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EDITORIAL: Improve on much needed meth-treatment option
Seattle Times - 8/17/2022
Aug. 17—Editor's note: The Mental Health Project is a Seattle Times initiative focused on covering mental and behavioral health issues. It is funded by Ballmer Group, a national organization focused on economic mobility for children and families. The Seattle Times maintains editorial control over work produced by this team. As part of this project, editorial writer Alex Fryer has been examining issues related to behavioral health and substance use disorders.
As part of the Legislature's $88.5 million investment in substance abuse treatment, providers across Washington were tasked with offering a new approach for methamphetamine users.
It's called contingency management. Unlike other treatment options that use pharmaceuticals to wean people off opioids, contingency management offers small cash rewards to go clean.
Despite promising pilot projects over the years, widespread use of contingency management was essentially banned by the federal government, over fears of Medicaid fraud if doctors paid patients to be treated. After pleas from desperate advocates, the rules changed in the waning days of the Trump administration.
A program in Walla Walla has been offering contingency management for several months, and the early results show both its promise and limitations. The Legislature should continue to track these early efforts to see how best to roll out this strategy even further.
Meth is a notoriously difficult drug to treat. Unlike heroin, for which there are medications such as methadone or Suboxone, there is no widely prescribed drug to help users kick stimulants like meth.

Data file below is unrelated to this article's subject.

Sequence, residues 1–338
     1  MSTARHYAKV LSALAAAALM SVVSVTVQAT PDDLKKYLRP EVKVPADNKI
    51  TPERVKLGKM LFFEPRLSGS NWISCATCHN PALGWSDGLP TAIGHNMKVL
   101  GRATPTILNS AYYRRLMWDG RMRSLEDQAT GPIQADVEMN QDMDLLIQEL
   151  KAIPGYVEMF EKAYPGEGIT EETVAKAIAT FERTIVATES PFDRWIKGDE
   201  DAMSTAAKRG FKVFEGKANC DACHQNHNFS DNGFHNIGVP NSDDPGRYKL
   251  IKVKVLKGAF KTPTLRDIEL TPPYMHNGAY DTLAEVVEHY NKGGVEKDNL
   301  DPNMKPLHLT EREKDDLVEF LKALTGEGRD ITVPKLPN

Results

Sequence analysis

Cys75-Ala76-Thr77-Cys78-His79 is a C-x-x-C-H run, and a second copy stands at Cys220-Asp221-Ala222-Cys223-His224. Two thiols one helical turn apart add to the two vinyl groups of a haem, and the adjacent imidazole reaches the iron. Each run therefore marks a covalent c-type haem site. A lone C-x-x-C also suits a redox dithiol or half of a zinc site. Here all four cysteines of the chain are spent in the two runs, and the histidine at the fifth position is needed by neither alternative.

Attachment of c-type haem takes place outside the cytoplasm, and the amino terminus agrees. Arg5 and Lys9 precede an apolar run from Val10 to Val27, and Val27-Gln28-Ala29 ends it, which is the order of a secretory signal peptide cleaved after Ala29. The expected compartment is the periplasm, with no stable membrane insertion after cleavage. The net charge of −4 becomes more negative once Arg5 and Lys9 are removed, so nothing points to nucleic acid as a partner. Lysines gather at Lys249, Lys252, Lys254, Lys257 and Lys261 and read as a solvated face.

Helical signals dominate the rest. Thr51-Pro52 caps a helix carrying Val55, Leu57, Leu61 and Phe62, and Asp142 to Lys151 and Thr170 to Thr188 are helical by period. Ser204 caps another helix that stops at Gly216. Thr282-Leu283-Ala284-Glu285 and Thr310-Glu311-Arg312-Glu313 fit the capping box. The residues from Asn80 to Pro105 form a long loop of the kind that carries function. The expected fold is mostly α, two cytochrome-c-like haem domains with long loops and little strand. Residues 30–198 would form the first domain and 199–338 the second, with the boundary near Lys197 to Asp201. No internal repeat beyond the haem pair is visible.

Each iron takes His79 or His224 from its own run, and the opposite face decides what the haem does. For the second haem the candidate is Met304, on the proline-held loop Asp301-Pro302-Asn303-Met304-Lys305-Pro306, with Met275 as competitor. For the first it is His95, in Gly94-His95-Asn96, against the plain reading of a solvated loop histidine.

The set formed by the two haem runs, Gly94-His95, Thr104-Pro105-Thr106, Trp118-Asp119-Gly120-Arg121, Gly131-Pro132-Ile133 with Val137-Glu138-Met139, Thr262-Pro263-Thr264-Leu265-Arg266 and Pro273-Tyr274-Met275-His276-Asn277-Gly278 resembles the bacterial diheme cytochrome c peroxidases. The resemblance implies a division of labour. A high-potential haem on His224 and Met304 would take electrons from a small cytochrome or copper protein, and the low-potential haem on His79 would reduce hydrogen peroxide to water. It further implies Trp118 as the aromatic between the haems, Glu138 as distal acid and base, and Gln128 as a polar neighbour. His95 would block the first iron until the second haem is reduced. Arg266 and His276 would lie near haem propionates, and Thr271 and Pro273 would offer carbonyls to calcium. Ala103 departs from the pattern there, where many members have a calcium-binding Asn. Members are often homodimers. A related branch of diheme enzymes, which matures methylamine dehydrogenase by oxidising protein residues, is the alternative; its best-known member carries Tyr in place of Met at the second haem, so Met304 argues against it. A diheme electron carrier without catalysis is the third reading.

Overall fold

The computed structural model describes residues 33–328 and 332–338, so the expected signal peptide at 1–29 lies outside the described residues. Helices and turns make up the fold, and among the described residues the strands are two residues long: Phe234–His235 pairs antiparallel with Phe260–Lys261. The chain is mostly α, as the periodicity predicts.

Everett Maroon runs treatment and case management programs in southeast Washington that include needle-exchanges and Suboxone. Last March, he began enrolling people in a contingency management program called "Recovery Rewards." Most were locals, more men than women. "Meth was not the first thing that went wrong in their lives," he said. "Once meth got in the picture, all the other problems got worse."
For eight weeks, people would come in every few days and take a urinalysis. If the results showed no drugs, the person would be awarded a $10 gift certificate to Target or Safeway. The amounts gradually increased to $24. If the enrollee failed two drug tests, they were out of the program.
Of the 30-40 people who expressed an initial interest, eight followed through. Two completed the program — one completely kicked meth, the other relapsed and wants to try again.
An important caveat: The population served by the program was not initially seeking treatment. They entered through the syringe exchange and other offerings intended to reduce the harm from chronic drug use. The mindset of overcoming a substance use disorder had not necessarily set in.
Studies show that even relatively small dollar amounts can provide a needed incentive for meth users to stay engaged and eventually find success.
Maroon said the program could be improved by allowing participants more second chances if they fail, extending it to 12 weeks, and offering the urinalysis and gift cards in a visiting mobile van, so people don't have to travel vast distances to participate.
Word-of-mouth is growing, and interest is increasing, he said. "Even a few dozen improvements are helping out families, communities and our workforce," said Maroon.
Contingency management offers hope to people with stimulant use disorder. While these programs need assessment and adjustment, the Legislature was right to fund them. Now, lessons learned must be put into practice to meet the tremendous need for viable meth-treatment options.
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